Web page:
Evaluation of chemiluminescence, procoagulant activity and antigen presentation by monocytes from lepromatous leprosy patients with or without reactional episodes.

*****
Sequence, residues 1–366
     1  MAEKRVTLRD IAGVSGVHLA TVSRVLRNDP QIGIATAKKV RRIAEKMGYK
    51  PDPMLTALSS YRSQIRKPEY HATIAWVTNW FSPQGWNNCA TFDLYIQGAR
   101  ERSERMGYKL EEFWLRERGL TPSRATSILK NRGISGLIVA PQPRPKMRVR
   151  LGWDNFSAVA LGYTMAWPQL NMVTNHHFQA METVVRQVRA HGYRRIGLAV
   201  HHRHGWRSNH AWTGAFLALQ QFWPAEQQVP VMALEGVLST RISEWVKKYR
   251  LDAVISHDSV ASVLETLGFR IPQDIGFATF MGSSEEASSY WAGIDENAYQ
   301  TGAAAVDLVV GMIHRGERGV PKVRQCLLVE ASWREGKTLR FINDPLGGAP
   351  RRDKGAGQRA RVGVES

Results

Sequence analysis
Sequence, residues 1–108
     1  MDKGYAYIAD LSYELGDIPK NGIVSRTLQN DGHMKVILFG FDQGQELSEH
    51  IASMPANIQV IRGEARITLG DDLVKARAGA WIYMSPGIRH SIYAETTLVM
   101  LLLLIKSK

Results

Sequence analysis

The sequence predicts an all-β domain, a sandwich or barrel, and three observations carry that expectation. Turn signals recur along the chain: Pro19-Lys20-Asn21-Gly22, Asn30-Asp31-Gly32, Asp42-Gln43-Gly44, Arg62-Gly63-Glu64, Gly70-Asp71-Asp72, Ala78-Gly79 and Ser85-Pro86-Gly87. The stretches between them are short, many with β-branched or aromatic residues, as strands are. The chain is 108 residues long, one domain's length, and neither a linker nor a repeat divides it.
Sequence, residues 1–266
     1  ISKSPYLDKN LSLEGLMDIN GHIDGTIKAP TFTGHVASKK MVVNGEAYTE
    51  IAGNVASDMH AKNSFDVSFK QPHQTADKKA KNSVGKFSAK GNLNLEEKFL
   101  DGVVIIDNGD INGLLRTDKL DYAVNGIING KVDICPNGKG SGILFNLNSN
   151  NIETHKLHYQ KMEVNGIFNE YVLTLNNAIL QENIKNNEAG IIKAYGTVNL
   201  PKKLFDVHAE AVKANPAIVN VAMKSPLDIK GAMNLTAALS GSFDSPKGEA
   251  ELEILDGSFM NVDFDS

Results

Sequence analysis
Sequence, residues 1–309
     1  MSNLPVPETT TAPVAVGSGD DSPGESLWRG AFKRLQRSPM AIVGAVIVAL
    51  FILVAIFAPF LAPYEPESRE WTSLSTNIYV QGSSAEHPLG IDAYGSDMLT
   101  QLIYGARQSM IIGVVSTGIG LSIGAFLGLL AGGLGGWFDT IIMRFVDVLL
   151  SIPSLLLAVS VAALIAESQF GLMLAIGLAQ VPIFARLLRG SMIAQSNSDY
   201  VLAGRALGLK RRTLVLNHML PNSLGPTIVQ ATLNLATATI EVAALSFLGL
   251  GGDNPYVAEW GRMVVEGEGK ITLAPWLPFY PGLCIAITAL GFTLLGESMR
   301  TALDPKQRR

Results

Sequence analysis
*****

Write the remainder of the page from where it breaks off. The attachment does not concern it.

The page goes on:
In this study, we evaluated the activity of peripheral blood mononuclear cells (PBMC), isolated from treated and untreated lepromatous leprosy patients, from lepromatous leprosy patients during and after reactional episodes (erythema nodosum leprosum (ENL) and reversal reaction (RR)), and from normal healthy individuals. We determined reactive oxygen intermediate (ROI) production, procoagulant activity (PCA) and HLA-DR antigen expression of monocytes, besides lymphoproliferation, both in the presence and absence of various stimulatory agents. Phorbol myristate acetate (PMA) stimulated ROI production by monocytes from all the groups studied, with patients during reactional episodes (ENL and RR) showing a significantly higher response (p < 0.009 and p < 0.00001). Irradiated Mycobacterium leprae, although having little effect when added alone, strongly suppressed PMA-stimulated ROI production. Muramyl dipeptide (MDP) had no influence on either basal or on PMA-induced ROI production. Basal monocyte PCA, as well as M. leprae or concanavalin A (ConA)-induced monocyte PCA was comparable in monocytes from all the groups studied. ConA was able to induce mitogenic activity in mononuclear cells isolated from all the groups studied. M. leprae, although stimulatory for normal individuals, did not induce lymphoproliferation in lepromatous leprosy patients, except for cells from patients during RR, which responded equally to M. leprae and to ConA. The absence of M. leprae-induced lymphoproliferation in lepromatous leprosy patients is not caused by the lack of basal HLA-DR expression, as PBMC from all individuals studied showed the same level of this antigen. Our results suggest an increase of spontaneous or PMA-induced monocyte activity, as detected by ROI production, during the reactional episode; addition of M. leprae suppressed this response. The increase in monocyte activity could be correlated with the increase of lymphoproliferation response to M. leprae during RR, but not during ENL. The importance of a possible immune suppressive action of M. leprae is discussed.